Museum Facts

We’ve compiled statistics below demonstrating how museums are educational, trusted, beloved and economic assets to communities everywhere. Also check out our infographic and share it widely! 

Want more data about the economic impact and public support for museums? Download your free copies of our new reports, Museums as Economic Engines and Museums & Public Opinion, today.

Museums Are Economic Engines

  • Museums support more than 726,000 American jobs.[1]

  • Museums contribute $50 billion to the U.S. economy each year.[2]

  • Seventy-six percent of all U.S. leisure travelers participate in cultural or heritage activities such as visiting museums. These travelers spend 60 percent more on average than other leisure travelers. [3]

  • The economic activity of museums generates more than $12 billion in tax revenue, one-third of it going to state and local governments. Each job created by the museum sector results in $16,495 in additional tax revenue.[4]

  • For every direct job at a museum, an additional job is supported elsewhere in the economy. This is higher than many other industries.[5]

  • Museums and other nonprofit cultural organizations return more than $5 in tax revenues for every $1 they receive in funding from all levels of government.[6]

Museums Are Community Anchors

  • In determining America’s Best Cities, Bloomberg Business Week placed the greatest weight on “leisure amenities [including density of museums], followed by educational metrics and economic metrics…then crime and air quality.”[7]

  • Money Magazine’s annual ‘Best Places to Live’ survey incorporates the concentration of accredited museums.[8]

People Love Museums

  • There are approximately 850 million visits each year to American museums, more than the attendance for all major league sporting events and theme parks combined (483 million in 2011). Museums also receive millions of online visits each year.[9]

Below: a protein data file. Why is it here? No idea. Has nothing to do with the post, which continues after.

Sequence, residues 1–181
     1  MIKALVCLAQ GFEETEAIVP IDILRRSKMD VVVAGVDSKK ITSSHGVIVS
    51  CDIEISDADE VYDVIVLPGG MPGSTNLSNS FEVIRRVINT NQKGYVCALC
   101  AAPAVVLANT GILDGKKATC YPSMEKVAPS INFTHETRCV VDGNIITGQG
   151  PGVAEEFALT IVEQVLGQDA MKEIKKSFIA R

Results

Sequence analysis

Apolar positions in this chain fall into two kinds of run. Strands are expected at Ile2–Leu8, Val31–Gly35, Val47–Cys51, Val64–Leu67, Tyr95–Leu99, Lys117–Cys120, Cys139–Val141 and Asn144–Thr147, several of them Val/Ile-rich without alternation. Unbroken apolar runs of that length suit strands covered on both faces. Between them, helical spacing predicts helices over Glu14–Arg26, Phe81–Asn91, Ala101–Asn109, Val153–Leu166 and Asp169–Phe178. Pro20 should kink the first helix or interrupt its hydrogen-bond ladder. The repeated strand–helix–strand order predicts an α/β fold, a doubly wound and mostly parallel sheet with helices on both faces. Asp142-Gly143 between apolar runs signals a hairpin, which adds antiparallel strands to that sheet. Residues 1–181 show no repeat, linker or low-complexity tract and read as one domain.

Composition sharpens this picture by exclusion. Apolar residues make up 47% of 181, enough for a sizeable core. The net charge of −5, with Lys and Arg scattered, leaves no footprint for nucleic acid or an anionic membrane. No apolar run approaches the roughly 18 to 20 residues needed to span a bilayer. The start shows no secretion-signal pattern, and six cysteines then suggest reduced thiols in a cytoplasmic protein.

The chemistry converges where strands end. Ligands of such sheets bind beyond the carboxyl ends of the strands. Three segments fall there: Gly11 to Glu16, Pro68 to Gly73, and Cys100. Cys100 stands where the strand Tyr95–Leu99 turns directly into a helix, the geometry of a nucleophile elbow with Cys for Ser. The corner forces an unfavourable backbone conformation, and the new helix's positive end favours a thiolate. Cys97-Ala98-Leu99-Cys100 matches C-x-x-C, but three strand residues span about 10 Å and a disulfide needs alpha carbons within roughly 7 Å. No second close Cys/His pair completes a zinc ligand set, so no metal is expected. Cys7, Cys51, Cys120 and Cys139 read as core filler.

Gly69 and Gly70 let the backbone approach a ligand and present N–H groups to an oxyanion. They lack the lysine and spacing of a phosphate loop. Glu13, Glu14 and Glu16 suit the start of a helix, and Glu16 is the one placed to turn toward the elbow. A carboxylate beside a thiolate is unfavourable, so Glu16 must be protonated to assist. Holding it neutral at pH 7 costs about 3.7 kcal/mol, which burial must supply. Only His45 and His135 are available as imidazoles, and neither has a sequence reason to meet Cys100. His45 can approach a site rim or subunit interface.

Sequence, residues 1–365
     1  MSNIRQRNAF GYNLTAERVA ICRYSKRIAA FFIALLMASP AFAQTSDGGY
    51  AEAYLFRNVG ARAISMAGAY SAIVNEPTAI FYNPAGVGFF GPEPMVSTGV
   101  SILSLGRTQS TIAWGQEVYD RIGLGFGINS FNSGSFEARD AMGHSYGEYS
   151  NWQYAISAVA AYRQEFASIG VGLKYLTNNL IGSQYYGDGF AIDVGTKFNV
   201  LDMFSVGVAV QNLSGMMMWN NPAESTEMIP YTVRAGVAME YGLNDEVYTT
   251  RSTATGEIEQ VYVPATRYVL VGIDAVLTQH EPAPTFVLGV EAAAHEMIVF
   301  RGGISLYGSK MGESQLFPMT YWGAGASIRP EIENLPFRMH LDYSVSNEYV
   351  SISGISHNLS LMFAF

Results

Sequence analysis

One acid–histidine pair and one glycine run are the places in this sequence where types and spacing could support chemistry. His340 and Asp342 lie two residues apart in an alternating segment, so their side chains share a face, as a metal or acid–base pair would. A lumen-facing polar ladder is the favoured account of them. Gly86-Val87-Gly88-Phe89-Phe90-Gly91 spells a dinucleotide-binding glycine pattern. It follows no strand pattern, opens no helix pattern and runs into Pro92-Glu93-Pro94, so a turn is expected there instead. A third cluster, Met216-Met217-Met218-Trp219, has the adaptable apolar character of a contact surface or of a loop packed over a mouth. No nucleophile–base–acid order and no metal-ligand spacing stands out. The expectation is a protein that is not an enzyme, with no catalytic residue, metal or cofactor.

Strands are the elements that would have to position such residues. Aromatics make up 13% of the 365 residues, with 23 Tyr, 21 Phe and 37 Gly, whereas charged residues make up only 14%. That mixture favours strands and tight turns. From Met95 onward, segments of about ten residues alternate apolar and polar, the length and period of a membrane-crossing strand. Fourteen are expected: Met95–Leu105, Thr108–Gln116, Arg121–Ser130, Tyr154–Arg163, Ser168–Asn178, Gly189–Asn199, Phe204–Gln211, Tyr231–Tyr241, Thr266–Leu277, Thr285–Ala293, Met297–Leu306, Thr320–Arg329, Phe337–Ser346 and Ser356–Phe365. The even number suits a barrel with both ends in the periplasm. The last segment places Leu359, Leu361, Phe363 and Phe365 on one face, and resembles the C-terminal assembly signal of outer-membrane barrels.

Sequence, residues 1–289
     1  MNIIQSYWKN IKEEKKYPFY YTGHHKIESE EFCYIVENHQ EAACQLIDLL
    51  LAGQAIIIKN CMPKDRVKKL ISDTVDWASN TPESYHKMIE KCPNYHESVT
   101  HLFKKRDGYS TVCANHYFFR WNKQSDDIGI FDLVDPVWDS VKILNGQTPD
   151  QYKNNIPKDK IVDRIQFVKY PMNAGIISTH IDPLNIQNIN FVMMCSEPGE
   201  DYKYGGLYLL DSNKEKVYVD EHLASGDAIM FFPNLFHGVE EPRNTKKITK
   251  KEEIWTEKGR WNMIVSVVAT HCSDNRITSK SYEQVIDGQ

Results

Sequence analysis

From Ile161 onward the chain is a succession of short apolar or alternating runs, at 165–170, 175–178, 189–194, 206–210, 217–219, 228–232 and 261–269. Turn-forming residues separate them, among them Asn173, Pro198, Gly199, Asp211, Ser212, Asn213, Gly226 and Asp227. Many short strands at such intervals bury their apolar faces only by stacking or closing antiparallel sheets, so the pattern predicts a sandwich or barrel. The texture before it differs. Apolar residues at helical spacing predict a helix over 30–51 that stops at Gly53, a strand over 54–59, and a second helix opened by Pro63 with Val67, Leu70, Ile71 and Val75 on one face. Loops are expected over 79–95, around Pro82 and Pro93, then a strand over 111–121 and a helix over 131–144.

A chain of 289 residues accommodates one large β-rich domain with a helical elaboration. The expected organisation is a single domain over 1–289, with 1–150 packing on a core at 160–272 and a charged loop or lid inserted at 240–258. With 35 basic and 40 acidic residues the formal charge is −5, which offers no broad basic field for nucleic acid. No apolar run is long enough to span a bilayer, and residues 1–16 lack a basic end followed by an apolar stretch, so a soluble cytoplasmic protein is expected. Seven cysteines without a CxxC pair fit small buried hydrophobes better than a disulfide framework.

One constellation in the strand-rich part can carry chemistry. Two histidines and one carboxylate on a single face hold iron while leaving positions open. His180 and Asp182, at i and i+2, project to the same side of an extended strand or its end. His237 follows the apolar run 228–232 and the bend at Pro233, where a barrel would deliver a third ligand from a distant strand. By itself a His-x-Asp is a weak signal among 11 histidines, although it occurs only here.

• Museum websites serve a diverse online community, including teachers, parents, and students (including those who are home-schooled).
  • Museum volunteers contribute a million hours of service every week.[10]
  • Ninety-six percent of Americans believe that the largest source of federal grant funding for museums should increase (58%) or stay the same (37%).[11]
  • Support for museums is robust regardless of political persuasion. Ninety-six percent of Americans would approve of lawmakers who acted to support museums. The number is consistently high for respondents who consider themselves politically liberal (97%), moderate (95%), or conservative (93%).[12]

Museums Serve the Public

  • Many museums offer programs tailored to veterans and military families. In 2017, more than 2,100 museums participated in the Blue Star Museums initiative, offering free summer admission to all active-duty and reserve personnel and their families.[13] This effort reached more than 900,000 people, while many other museums offer military discounts or free admission throughout the year.
  • Museums also provide many social services, including programs for children on the autism spectrum, English as a Second Language classes, and programs for adults with Alzheimer’s or other cognitive impairments.[14]

Museums Partner with Schools

  • Museums spend more than $2 billion each year on education activities; the typical museum devotes three-quarters of its education budget to K-12 students.[15]
  • Museums receive approximately 55 million visits each year from students in school groups.[16]
  • Museums help teach the state and local curriculum, tailoring their programs in math, science, art, literacy, language arts, history, civics and government, economics and financial literacy, geography, and social studies.[17]